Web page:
The only disappointment was that I'd loaded a whole bunch of my drawings and pictures by my favourite illustrators onto a specially created blog here on Blogger, thinking it would be quicker to just call that up on the class white-board than go to all the trouble of creating a powerpoint thingy. And it was: it was very easy to do, and looked great. Unfortunately, when we tried to access it from the school we found that it was barred by the filtering system. The Local Education Authority, in its infinite wisdom, has decided that no blog on Blogger is suitable for school pupils, and so it's impossible to open them on school computers in the south west. I presume they bar other popular blogging sites like LiveJournal and Wordpress too: they certainly don't permit access to anything on YouTube. It's infuriating to think of all us chuldren's authors merrily blogging away while the children who should be our readers are unable to even see our sites. Obviously I would expect to find some sort of filtering system on school computers - the internet can be a strange and dangerous place - but I was astonished that the teachers aren't allowed to bypass it when they want to show a particular site or blog to their class. It seems that only faceless busybodies in county hall can be trusted to decide what's suitable. At a time of so much cutting and belt-tightening it seems bizarre that valuable free educational resources can be deliberately banned from our schools in this way. If you are a children's author with a blog or website it might be worth checking to see whether your LEA operates a similar policy of blanket censorship.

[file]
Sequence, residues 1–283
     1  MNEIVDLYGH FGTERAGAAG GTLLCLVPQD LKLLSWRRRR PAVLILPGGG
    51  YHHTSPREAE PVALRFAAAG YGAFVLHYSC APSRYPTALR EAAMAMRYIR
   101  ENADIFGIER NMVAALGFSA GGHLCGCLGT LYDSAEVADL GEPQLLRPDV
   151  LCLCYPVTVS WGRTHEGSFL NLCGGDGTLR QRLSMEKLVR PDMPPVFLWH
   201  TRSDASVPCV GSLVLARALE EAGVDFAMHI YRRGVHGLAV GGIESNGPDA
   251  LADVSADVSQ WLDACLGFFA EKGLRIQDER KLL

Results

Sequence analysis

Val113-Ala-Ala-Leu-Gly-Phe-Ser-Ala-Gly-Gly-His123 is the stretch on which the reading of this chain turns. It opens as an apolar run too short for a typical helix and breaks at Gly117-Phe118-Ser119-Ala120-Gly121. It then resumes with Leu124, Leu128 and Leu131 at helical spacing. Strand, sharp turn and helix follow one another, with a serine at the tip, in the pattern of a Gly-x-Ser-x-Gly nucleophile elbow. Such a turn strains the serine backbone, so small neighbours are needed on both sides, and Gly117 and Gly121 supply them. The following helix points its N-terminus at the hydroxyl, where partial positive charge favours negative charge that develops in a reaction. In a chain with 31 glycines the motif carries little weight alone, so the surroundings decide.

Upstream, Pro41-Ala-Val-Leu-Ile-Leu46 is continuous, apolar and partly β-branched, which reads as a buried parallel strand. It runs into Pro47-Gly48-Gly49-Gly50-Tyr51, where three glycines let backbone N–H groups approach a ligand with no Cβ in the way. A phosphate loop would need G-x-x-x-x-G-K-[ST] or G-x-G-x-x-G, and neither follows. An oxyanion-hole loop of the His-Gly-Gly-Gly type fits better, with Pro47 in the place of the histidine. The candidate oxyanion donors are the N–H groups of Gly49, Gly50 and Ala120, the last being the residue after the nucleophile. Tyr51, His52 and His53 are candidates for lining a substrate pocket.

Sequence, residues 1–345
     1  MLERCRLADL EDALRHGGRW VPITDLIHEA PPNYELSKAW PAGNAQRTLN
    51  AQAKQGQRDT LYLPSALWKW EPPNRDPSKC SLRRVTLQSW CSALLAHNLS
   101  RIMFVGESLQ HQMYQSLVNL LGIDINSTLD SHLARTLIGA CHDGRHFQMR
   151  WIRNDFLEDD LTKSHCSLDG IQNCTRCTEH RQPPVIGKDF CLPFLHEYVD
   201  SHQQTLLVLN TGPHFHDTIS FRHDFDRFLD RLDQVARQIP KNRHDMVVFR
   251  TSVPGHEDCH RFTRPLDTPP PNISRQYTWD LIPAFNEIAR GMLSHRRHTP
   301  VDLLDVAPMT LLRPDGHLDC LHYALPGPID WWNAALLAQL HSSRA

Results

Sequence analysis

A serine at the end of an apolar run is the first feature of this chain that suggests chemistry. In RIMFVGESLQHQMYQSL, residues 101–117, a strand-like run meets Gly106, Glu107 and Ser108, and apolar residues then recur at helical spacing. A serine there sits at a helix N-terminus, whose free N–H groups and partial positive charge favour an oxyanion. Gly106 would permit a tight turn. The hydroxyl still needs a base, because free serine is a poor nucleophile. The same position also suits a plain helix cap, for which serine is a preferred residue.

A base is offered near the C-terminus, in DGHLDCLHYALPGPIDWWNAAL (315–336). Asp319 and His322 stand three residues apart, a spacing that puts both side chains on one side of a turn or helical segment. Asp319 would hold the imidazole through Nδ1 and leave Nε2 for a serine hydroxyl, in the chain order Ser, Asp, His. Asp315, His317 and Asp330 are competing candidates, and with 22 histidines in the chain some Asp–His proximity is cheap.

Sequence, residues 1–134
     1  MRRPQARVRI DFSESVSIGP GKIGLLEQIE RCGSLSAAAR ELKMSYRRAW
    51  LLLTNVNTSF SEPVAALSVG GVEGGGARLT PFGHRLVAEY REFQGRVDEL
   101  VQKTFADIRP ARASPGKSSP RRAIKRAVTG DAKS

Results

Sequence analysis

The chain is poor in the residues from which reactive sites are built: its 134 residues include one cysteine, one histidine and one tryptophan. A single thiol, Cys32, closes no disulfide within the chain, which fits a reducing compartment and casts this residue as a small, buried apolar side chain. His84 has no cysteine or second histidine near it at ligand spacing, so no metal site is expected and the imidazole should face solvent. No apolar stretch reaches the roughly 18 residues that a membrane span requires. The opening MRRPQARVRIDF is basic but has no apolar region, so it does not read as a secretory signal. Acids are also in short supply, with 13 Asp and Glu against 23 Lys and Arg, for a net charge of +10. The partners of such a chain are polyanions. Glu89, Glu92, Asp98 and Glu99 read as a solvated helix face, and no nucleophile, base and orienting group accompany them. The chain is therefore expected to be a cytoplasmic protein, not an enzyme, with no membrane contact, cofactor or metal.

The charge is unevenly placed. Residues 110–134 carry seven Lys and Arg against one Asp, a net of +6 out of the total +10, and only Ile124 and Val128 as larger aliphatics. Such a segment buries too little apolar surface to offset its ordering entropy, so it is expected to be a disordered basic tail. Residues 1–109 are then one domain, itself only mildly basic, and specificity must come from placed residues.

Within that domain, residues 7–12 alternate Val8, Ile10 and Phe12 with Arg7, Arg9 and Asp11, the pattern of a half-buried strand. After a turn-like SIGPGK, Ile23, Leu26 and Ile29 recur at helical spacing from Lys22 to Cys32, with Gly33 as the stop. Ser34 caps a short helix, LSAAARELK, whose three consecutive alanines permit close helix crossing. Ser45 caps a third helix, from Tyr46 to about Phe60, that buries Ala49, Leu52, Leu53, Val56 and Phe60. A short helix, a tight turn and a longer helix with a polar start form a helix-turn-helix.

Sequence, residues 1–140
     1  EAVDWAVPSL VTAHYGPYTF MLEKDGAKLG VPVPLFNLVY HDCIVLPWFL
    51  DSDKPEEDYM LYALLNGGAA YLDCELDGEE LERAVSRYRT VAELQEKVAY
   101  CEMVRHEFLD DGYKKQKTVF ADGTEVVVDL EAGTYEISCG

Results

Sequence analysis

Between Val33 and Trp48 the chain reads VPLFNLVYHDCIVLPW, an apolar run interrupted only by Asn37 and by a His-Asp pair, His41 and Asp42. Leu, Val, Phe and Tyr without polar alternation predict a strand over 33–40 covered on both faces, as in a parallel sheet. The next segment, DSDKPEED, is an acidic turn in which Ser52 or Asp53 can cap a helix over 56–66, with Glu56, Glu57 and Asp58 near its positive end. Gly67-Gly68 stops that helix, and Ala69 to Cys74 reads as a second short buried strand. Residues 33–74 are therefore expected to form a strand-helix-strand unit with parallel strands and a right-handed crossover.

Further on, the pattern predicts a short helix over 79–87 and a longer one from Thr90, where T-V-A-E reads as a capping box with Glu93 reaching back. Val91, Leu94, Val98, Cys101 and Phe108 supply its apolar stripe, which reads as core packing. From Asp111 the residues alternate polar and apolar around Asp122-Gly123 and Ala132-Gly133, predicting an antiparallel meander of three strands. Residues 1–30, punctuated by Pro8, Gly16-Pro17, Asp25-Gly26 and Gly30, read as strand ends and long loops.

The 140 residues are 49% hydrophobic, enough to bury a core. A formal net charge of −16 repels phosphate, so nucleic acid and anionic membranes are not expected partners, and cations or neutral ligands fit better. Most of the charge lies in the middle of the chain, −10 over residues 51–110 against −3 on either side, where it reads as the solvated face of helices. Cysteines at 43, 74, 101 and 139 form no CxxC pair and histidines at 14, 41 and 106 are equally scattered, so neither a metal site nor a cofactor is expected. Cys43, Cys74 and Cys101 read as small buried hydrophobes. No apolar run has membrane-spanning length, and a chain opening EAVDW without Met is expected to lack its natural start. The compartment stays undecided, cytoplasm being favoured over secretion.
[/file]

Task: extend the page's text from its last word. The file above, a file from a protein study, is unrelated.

On Wednesday I went up to London, and was all busy all day on Thursday with World Book Day events. In the morning there was a big one in Kingston which I had been supposed to do jointly with Chris Priestley. Unfortunately Chris is still recuperating after his recent stroke, but happily Philip Womack was able to step in at the last minute, and we talked about my books, Chris's and his own in front of a large audience drawn from several local schools. Philip's books, like Chris Priestley's, tend towards the supernatural end of the fantasy spectrum, so I think they made a good contrast with my more nuts-and-bolts, sci-fi influenced outings. Although I've been aware of him as an author and journalist for some years I've never had much of a chance to talk to Philip, so it was good to chat with him on the lo-o-o-n-g taxi journey to Kingston. If you like classic children's fantasy and haven't already read his novel The Liberators you should track down a copy at once.
Before the event all the children had been asked to propose a title for a scary book, and Philip and I had to pick the two we thought best. The ones we chose were They Are Coming, suggested by Rhiannon Davies, and The Corner of My Eye by Jenna McMorrow, both of which are quietly sinister and wouldn't look out of place on a bookshelf: I hope they write the stories to go with them one day. We also found some other suggestions which we really liked: Midnight Predators in the City of Beast (by Emiliya Gyuleva), The Fear of the Faceless Gnome by William Potter, The Saliva Spitting Caws from Cawkland by Nabeel, and Frankie Atkinson's The Reeking Death of Interior Doom. Those might look a bit out of place on a bookshelf, but most of them would make perfectly passable titles for a Hawkwind album.
Back to central London for lunch, and then ho! for St Peter's Eaton Square Primary School, where I basically just did a Q&A session with a schoolful of lovely children who had some very good questions. They also had some very good outfits: many schools go in for dressing-up-as-your-favourite-character on WBD, which in our house tends to mean a fake beard, an old hat and a tenuous claim that Sam is Mr Gum. The children at St Peter's had taken it to a whole new level; among others I met I met a Heidi, a mummified Pharoah, Pippi Longstocking, Skullduggery Pleasant, and Miss Flyte out of Bleak House. There was even one tasteful fellow who had come as Jack Aubrey.
|Photo: Jonathan Game|
And finally, here's a World Book Day video of me reading the first two chapters of Traction City in a Spooky Treehouse.
Traction City from WorldBookDay's StoryTimeOnline on Vimeo.